Real Living Wage win delivers 6.7% in 14fortyTelecoms & Financial Services October 14 2021
Catering, cleaning, security post room and front of house staff employed by 14forty at Capita sites across the country are in line for a 6.7% pay rise just after Christmas.
Providing good cause for some much needed New Years Cheer, the move – which will benefit scores working for the facilities services provider at the CWU-represented Capita sites in Leeds, Preston Brook and Glasgow – follows persistent lobbying of the company by the union in recent times.
That concerned pressure, which began with the lodging of the union’s 2020 pay claim in 14forty in January last year, intensified following the subsequent introduction of the Real Living Wage (RLW) across Capita and was forcefully reiterated as one of the union’s key priorities for 14forty members in the very first meeting with management conducted by recently elected CWU national officer for 14forty, Tracey Fussey.
Up until now, pay rises at 14forty have been pegged to Government-announced increases in the National Living Wage (the confusingly rebranded national Minimum Wage) – meaning that the change of tack confirmed by management yesterday (Wednesday) represents a real breakthrough for one for the lowest paid group of workers working anywhere in the Capita organisation.
Tracey, who took up post just this summer, said: “We very much welcome this voluntary move, which will see our members in 14forty receive a 6.7% increase in pay from January 1, 2022. The good news doesn’t end there, however, because just three months later – on April 1, 2022 – they will receive a further increase, moving to the new RLW rate that will be announced in just a month’s time, on November 15).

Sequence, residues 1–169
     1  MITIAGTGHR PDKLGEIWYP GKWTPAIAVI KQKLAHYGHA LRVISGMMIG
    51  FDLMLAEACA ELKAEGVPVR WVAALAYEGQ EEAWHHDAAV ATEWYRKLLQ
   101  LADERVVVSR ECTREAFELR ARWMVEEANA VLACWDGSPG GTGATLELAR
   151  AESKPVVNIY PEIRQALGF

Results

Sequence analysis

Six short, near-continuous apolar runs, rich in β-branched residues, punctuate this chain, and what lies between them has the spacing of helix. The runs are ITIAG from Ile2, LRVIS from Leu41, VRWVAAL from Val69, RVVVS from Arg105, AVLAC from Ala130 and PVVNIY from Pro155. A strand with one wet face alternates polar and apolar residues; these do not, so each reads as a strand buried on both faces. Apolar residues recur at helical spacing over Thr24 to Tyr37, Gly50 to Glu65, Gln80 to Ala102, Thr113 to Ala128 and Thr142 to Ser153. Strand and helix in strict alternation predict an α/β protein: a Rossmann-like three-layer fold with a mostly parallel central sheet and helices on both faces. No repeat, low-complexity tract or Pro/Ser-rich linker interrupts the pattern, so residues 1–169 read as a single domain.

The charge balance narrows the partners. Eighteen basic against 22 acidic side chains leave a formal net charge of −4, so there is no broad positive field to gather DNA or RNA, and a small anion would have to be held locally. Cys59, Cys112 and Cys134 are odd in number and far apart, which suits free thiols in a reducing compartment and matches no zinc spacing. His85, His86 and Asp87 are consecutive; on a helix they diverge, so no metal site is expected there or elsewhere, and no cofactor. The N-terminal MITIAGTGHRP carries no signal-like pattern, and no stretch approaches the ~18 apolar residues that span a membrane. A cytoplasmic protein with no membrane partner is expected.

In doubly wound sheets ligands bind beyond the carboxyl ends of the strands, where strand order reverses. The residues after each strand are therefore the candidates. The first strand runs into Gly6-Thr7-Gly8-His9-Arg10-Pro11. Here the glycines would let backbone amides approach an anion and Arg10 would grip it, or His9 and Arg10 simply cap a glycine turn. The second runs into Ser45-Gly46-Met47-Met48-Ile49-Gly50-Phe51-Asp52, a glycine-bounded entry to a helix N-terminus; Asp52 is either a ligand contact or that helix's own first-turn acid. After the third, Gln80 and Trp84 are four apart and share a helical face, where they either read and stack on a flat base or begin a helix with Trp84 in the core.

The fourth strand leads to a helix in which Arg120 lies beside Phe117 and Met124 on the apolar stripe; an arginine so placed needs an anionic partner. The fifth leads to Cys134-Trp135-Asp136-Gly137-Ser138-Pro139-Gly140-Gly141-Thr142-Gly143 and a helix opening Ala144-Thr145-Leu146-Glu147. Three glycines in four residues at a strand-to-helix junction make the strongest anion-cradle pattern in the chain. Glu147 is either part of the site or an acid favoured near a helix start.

“What we are therefore looking at is a significant and much needed pay rise for our 14forty members that will subsequently be subject to an annual ongoing review on April 1 every year to keep it in line with the RLW, as set by the Living Wage Foundation.”
That RLW rate currently sits at £9.50 per hour outside London, and £10.85 in the capital, compared to the Government’s ‘National Living Wage’ rage of £8.91 for those aged 23 and over, £8.36 for those aged 21 to 22 and just £6.56 for those aged 18 to 20.
14forty has already confirmed that pay differentials for those already paid above the minimum wage will be maintained when the increase to the RLW is applied.
Increasingly widely honoured by larger employers and across the public sector, the RLW rate is based on calculations of the minimum earnings required for a standard of life that goes beyond mere survival.
Tracey concludes: “14forty deserves huge credit for moving voluntarily from being a minimum wage to a Real Living Wage employer – notwithstanding the fact that outcome was probably a long-term inevitability following Capita adopting the RLW itself.
“From my first meeting with management – in which I strongly reiterated the moral importance of this point – I’ve been struck by the company’s desire to do the right thing, notwithstanding the tough contractual constraints it is under.
“Management clearly took on our feedback, confirming they were already in discussions on this very point – and yesterday’s (October 13) announcement is the massively welcome outcome.”